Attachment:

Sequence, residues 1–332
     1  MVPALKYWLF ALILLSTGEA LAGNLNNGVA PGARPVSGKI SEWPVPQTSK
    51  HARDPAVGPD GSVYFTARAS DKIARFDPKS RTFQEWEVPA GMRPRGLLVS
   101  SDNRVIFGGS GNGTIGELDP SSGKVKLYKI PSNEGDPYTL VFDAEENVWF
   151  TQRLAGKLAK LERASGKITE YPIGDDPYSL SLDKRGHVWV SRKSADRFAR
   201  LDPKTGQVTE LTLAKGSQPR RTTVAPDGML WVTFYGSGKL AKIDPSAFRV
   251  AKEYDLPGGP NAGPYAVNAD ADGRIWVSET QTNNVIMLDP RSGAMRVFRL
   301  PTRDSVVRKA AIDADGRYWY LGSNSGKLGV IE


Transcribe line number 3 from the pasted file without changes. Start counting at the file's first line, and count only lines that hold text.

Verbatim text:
    51  HARDPAVGPD GSVYFTARAS DKIARFDPKS RTFQEWEVPA GMRPRGLLVS